The Pop-Up Lantern has a simple and easy to use design so it is difficult to find much fault with it. The lamp does exactly what you would expect – provide super-bright light whereever you need it. The fact that it is also very efficient with battery life, built to withstand plenty of wear and tear and can collapse down to a very small, packable size is just icing on the cake.

Best of all, Energizer is selling them at an incredibly affordable price. The Pop-Up Lantern is just $19.99, which is a real bargain for a product of this quality. It is so good, in fact, you just might want two.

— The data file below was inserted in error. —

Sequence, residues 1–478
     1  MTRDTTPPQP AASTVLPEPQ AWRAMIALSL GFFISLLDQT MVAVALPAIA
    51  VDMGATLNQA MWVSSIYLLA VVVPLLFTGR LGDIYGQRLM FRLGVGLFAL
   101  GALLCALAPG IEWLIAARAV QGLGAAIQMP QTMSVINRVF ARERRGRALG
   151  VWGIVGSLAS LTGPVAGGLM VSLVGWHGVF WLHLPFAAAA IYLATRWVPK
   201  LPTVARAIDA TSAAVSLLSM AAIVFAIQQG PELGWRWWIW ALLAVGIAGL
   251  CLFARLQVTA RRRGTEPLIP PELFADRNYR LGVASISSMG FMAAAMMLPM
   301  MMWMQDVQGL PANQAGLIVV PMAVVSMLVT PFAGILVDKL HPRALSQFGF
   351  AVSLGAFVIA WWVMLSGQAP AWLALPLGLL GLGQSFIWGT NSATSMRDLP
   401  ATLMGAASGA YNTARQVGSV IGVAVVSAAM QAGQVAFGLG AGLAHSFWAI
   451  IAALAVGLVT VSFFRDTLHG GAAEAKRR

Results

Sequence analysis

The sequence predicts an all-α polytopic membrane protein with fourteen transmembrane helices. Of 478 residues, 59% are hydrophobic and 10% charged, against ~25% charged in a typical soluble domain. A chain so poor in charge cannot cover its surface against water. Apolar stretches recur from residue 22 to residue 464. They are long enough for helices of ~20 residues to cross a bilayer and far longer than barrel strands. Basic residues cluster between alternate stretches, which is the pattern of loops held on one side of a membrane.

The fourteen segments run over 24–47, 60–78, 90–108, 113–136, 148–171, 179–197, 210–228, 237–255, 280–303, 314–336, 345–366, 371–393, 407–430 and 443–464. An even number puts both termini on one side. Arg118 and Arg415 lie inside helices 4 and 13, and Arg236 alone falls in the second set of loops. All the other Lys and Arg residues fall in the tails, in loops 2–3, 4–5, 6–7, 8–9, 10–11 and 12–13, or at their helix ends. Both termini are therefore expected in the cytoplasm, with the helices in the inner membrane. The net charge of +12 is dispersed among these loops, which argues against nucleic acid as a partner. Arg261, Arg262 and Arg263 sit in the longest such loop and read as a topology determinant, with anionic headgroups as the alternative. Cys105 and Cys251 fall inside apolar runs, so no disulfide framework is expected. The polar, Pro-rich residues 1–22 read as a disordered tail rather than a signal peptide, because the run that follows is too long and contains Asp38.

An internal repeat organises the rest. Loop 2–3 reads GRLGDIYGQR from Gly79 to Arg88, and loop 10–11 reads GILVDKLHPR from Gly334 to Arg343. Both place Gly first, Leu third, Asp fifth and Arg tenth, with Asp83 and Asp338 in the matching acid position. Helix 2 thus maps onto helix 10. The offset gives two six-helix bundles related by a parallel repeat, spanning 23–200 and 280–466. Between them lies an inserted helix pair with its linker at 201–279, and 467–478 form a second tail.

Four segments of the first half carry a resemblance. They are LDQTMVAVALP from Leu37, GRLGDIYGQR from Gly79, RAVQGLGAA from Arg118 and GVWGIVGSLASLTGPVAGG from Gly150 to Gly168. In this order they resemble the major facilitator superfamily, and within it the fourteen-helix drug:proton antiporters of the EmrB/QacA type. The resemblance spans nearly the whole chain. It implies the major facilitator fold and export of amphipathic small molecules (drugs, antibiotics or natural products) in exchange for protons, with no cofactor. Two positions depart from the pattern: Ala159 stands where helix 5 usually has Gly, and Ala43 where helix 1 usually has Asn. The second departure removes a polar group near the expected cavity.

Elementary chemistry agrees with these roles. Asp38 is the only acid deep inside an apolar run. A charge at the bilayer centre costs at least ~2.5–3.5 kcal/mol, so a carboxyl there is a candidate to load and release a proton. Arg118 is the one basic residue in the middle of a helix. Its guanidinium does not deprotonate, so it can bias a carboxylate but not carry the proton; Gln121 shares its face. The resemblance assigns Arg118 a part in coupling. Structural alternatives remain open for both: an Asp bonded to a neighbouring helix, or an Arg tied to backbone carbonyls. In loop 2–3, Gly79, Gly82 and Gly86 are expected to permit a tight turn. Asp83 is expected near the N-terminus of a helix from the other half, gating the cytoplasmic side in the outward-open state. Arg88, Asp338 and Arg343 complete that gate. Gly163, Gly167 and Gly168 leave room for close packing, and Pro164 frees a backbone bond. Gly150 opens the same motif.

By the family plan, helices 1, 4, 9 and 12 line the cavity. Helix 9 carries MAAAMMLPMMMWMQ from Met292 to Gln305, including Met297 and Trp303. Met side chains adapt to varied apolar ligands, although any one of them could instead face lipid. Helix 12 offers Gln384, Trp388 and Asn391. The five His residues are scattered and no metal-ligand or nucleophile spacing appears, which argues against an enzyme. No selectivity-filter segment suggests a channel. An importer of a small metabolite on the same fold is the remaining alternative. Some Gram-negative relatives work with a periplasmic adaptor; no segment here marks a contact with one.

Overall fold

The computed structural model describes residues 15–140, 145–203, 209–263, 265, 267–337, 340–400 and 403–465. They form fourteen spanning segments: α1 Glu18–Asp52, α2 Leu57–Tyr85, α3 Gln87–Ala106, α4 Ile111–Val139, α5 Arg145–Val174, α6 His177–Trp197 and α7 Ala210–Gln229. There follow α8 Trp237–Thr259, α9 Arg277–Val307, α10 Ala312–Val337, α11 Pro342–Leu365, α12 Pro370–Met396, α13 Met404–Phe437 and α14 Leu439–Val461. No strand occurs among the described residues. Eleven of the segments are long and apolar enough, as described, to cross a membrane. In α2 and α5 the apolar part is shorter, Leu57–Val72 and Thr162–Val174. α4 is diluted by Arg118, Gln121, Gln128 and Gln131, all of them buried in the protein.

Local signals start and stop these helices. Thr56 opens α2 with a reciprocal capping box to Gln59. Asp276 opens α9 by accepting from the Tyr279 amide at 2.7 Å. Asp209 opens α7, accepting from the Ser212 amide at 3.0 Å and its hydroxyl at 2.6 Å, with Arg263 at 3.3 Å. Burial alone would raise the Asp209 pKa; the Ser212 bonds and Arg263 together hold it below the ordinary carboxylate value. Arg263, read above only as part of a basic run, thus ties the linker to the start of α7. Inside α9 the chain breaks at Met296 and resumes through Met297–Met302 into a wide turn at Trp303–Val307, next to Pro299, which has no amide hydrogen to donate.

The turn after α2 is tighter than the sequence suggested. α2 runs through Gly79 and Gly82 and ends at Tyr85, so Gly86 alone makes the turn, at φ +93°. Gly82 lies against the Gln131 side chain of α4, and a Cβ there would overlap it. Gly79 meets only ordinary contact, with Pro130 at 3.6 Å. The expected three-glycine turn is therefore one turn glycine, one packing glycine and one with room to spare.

[Photo Credit: Energizer]

Photo of the Day (05/18/08)

We seem to have quite a few Asian photo of the day submissions recently, so I’m going to keep the theme going. Today’s image comes to us from user LadyExpat, who took this playful shot at the Bongeunsa Temple in Seoul, Korea. The combination of the fish eye lens and the vibrant colors from the lanterns is definitely eye-catching. The fact you can also see the reflections of the lanterns in the mirrored doors only adds to the effect.

Got a great photo you would like to have featured as our Photo of the Day? Submit it to the Gadling Photo Pool on Flickr for consideration.